Modeling to Inform Economy-Wide Pandemic Policy: Bringing Epidemiologists and Economists Together
Abstract: Facing unprecedented uncertainty and drastic trade-offs between public health and other forms of human well-being, policymakers during the Covid-19 pandemic have sought the guidance of epidemiologists and economists. Unfortunately, while both groups of scientists use many of the same basic mathematical tools, the models they develop to inform policy tend to rely on different sets of assumptions and, thus, often lead to different policy conclusions. This divergence in policy recommendations can lead to uncertainty and confusion, opening the door to disinformation, distrust of institutions, and politicization of scientific facts. Unfortunately, to date, there have not been widespread efforts to build bridges and find consensus or even to clarify sources of differences across these fields, members of whom often continue to work within their traditional academic silos. In response to this "crisis of communication," we convened a group of scholars from epidemiology, economics, and related fields (such as statistics, engineering, and health policy) to discuss approaches to modeling economy-wide pandemics. We summarize these conversations by providing a consensus view of disciplinary differences (including critiques) and working through a specific policy example. Thereafter, we chart a path forward for more effective synergy among disciplines, which we hope will lead to better policies as the current pandemic evolves and future pandemics emerge.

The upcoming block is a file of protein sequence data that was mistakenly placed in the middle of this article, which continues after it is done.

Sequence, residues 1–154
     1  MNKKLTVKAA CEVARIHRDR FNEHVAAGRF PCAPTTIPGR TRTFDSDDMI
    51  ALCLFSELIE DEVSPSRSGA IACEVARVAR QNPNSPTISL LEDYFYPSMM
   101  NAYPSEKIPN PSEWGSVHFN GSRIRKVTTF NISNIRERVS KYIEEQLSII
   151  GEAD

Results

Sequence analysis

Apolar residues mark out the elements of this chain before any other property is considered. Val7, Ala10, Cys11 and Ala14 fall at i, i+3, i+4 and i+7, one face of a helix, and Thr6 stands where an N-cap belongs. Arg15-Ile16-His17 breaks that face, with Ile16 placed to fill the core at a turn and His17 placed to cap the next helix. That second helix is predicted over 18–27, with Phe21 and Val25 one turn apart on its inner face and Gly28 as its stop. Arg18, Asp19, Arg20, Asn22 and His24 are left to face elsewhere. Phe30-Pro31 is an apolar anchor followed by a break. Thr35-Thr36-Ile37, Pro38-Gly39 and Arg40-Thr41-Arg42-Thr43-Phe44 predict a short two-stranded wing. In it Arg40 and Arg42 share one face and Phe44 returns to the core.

Keywords: economics; epidemiology; public health; Covid-19; behavior modeling; health outcomes; health-wealth tradeoffs;
JEL Classification: C8; H0; I1; J0;
Status: Published in 2021
File(s): File format is application/pdf https://www.atlantafed.org/-/media/documents/research/publications/wp/2021/11/16/26--modeling-pandemic-policy.pdf
Provider: Federal Reserve Bank of Atlanta
Part of Series: FRB Atlanta Working Paper
Publication Date: 2021-11-16
Note: This paper represents a collaborative effort. All authors contributed equally and are thus listed in alphabetical order. The project was supported by a pilot grant from the Hopkins Business of Health Initiative (HBHI). The views expressed here are those of the authors and not necessarily those of the Federal Reserve Bank of Atlanta or the Federal Reserve System. Any remaining errors are the authors' responsibility.